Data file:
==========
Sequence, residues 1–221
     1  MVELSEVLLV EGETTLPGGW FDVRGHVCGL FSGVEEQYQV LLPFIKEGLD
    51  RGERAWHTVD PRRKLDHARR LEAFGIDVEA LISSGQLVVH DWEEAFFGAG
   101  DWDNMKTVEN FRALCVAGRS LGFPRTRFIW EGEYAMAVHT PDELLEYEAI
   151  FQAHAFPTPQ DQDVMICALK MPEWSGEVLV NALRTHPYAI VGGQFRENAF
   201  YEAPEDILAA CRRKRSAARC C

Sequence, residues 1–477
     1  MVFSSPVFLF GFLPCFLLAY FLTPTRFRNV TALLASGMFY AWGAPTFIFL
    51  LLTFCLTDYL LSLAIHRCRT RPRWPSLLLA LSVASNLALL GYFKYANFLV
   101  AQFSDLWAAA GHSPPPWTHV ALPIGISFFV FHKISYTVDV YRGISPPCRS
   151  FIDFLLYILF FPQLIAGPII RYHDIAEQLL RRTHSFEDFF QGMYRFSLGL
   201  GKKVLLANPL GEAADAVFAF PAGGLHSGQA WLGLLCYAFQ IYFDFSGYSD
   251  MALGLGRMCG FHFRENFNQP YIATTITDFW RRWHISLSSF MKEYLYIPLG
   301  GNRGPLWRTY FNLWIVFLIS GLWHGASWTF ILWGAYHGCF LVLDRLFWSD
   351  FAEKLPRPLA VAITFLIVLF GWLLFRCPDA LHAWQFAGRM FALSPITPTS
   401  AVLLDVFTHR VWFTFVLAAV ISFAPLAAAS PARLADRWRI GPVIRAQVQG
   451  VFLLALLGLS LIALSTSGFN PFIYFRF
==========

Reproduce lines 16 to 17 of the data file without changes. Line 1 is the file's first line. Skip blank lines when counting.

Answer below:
   401  AVLLDVFTHR VWFTFVLAAV ISFAPLAAAS PARLADRWRI GPVIRAQVQG
   451  VFLLALLGLS LIALSTSGFN PFIYFRF